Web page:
Capturing dumps on multiple instances automatically using procdumphelper


Capturing dumps for intermittent issues happening only on certain instances could be very challenging in Azure App Service. Depending upon the scenario, you can capture dumps using Auto-heal by defining the triggers in the root web.config file of your web site and configure the actions to invoke procdump when these triggers are hit. With this approach, If you have multiple instances of your web app, it will only generate memory dumps for the instance that has hit this trigger and not all instances. Here is an example to capture dumps using FREB customAction* fields. This approach will have 5-10% performance hit and will require you to enable FREB. This approach of dump collection works best when your scenario fits to the available triggers. The triggers on which you can generate dumps are based upon attributes including: Count, timeInterval, statusCode, subStatusCode, win32StatusCode, and privateBytesInKB.

What if your w3wp.exe crashes with different trigger like an exception code, ex StackOverflow exception (0xC00000FD), AccessViolationException (0xC0000005), etc? In this scenario, you can use Crash Diagnoser siteextension, however it will only monitor the current Instance in the current Kudu site (which is a random instance).

This is where procdumphelper can be used. It runs as a continuous WebJob on all the instances of your web app, and acts as a proxy for procdump.exe automatically attaching to the right non-SCM instance of w3wp.exe. Below are the steps to install and configure procdumphelper WebJob.

 

Step 1: Create a storage account. Once the storage account is created, select the newly created account and go to "Access keys" blade. Copy the connection string (key1).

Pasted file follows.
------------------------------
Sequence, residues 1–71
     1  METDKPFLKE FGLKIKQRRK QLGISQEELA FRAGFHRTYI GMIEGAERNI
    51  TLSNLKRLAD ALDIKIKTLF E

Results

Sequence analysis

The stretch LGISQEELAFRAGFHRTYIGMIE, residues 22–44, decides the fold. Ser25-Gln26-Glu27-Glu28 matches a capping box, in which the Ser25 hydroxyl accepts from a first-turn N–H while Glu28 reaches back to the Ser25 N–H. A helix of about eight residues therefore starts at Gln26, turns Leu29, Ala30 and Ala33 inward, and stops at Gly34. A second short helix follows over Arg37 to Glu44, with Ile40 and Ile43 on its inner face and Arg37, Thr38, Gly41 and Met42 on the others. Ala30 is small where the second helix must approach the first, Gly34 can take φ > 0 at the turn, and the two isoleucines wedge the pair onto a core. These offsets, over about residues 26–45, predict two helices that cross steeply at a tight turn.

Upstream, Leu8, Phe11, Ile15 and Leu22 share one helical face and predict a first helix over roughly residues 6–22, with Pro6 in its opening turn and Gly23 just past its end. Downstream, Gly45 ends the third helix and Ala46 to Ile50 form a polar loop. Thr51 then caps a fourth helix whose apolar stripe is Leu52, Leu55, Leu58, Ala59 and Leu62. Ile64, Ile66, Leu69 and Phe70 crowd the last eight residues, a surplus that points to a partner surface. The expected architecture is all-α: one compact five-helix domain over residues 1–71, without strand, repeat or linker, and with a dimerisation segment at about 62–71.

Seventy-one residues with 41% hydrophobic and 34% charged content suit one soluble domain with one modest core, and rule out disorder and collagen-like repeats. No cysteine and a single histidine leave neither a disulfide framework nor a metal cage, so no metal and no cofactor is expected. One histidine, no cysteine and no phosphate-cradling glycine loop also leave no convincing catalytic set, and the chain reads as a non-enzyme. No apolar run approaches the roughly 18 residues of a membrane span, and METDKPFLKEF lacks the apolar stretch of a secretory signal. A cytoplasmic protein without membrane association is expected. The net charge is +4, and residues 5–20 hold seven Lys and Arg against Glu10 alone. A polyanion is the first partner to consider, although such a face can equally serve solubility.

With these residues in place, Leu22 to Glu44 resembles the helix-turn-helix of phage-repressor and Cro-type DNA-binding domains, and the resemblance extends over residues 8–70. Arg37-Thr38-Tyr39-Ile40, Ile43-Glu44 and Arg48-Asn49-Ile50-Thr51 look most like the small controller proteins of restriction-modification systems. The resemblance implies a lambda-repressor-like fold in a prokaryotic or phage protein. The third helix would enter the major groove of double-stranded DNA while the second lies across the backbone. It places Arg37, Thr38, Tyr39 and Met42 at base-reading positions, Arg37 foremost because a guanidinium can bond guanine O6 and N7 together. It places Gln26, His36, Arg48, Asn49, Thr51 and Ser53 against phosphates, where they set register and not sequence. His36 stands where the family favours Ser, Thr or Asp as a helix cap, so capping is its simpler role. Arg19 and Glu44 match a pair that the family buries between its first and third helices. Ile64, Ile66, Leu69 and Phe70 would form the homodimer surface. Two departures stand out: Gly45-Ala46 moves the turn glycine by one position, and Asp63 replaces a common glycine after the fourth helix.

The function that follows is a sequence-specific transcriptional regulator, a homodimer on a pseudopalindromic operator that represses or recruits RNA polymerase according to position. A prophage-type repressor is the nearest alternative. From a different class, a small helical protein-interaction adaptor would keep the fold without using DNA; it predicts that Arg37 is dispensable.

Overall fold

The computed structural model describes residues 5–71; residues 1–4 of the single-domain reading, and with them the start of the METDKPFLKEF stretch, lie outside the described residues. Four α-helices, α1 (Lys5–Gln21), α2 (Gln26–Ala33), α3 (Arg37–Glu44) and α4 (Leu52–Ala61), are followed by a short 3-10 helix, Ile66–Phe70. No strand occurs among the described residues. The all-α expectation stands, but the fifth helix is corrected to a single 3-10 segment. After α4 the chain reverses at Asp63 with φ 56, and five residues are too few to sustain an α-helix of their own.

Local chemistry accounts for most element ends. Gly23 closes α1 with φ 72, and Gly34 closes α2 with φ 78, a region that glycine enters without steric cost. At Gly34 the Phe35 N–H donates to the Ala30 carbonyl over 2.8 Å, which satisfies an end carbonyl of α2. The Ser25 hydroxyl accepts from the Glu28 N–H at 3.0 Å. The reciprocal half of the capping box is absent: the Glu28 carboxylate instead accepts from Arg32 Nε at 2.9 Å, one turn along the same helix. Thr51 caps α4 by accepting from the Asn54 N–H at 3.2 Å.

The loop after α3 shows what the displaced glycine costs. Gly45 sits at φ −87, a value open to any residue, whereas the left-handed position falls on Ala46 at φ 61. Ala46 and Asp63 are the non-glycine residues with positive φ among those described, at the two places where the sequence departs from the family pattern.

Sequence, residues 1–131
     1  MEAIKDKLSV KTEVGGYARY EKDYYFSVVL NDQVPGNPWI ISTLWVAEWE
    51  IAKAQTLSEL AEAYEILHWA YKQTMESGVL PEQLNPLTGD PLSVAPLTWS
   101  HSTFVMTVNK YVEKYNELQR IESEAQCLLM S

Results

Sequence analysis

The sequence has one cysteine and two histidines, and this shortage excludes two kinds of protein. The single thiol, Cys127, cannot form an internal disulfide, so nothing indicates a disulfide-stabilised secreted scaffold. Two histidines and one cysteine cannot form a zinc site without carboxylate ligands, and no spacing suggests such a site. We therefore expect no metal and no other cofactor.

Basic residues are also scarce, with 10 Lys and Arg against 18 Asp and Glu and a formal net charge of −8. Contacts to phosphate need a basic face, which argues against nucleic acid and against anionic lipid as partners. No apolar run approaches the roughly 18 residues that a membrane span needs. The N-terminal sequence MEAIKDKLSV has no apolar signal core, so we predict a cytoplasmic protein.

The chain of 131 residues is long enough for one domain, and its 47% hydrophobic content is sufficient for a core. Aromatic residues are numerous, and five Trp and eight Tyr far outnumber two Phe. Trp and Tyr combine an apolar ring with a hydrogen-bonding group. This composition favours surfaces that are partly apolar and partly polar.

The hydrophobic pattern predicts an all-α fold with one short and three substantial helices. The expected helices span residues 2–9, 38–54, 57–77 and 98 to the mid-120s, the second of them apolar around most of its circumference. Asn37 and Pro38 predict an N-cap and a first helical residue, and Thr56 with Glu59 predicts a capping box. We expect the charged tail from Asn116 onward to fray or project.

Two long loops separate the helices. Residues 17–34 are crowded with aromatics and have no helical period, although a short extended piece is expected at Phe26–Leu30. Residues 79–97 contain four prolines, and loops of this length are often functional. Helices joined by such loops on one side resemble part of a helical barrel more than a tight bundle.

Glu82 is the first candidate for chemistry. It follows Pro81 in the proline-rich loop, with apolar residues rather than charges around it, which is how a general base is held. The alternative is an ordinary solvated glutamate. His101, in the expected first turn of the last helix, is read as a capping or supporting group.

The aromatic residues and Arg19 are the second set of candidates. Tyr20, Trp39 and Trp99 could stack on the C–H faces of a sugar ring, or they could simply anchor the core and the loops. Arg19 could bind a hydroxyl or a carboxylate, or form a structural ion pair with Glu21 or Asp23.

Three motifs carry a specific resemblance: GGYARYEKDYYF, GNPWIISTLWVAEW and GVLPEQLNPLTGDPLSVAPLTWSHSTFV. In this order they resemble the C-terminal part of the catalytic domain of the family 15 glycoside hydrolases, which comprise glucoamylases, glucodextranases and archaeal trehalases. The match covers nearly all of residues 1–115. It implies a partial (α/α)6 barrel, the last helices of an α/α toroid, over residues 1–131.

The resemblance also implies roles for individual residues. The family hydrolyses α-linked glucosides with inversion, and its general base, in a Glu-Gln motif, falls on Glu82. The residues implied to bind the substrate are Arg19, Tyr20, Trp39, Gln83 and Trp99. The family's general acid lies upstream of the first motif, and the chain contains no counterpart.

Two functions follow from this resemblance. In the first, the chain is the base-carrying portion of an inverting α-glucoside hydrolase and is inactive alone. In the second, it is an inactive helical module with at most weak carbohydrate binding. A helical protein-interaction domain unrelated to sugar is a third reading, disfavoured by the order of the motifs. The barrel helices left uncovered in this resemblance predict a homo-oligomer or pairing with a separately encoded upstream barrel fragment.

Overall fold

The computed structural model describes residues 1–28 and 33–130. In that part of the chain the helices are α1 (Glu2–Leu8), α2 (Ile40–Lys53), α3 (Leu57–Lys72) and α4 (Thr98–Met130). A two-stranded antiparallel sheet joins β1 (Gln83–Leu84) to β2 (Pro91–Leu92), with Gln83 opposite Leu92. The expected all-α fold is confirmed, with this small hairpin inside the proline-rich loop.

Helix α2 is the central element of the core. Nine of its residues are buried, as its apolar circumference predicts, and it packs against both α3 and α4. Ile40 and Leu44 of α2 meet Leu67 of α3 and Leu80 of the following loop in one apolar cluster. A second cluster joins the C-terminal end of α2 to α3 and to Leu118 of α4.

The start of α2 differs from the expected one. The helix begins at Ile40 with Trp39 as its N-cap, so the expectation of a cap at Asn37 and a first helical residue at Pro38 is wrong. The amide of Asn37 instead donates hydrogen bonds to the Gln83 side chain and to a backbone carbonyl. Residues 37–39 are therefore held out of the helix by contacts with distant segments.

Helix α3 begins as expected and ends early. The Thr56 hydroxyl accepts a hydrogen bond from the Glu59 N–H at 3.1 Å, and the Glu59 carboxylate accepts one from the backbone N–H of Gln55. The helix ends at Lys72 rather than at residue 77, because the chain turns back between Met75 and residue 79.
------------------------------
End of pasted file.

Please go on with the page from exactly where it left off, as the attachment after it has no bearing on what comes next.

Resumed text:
[Fig 1: Image showing Application settings with AzureWebJobsDashboard and AzureWebJobsStorage key-value pair]

 

Step 2: Go to your web app, 'Application settings' blade, and add below two entries (AzureWebJobsDashboard and AzureWebJobsStorage) with the above copied connection string.

[Fig 2: Image showing Application settings with AzureWebJobsDashboard and AzureWebJobsStorage key-value pair]

 

Step 3: Open KUDU Debug console of your web app and goto “D:\home\site\wwwroot\app_data\jobs\continuous“. Create these folders if not already present.

 

Step 4: Download procdumphelper.zip to local drive and drag-drop the zip file to "D:\home\site\wwwroot\app_data\jobs\continuous". Once done, you should have "D:\home\site\wwwroot\app_data\jobs\continuous\procdumphelper" with all the contents of the WebJob.

 

[Fig 3: Animated gif showing how to drag-drop procdumphelper.zip into "D:\home\site\wwwroot\app_data\jobs\continuous\".]

 

Step 5: Create "D:\home\data\procdumphelper" folder with "params.txt" file as shown below. The contents of params.txt has below special capture usage. Notice the use of special field "$ProcID". This field will be automatically replaced with correct process id for w3wp associated with your web app instance.

Capture Usage: w3wp -accepteula -ma $ProcID [procdumpparams]

Examples:

1. Create a full user hang dump for w3wp application process.
     w3wp -accepteula -ma $ProcID D:\home\Logfiles\
2. Create a full user hang dump on stackoverflow exception code for w3wp application process.
     w3wp -accepteula -ma $ProcID -g -e 1 -f C00000FD D:\home\Logfiles\
3. Create a full user hang dump for dotnet application process.
     dotnet -accepteula -ma $ProcID D:\home\Logfiles\

[Fig 4: Animated gif showing how to create "D:\home\data\procdumphelper" folder with "params.txt" file.]

 

Step 6: Reproduce the issue. Once the dump is available, download it.

[Fig 5: Image showing how to download the dump."]

 

Once the dumps are captured successfully, you can delete the WebJob and its associated storage account.


Comments (1)

  1. Dirks says:

    Why should I connect the storage account if the dmp files are stored locally?

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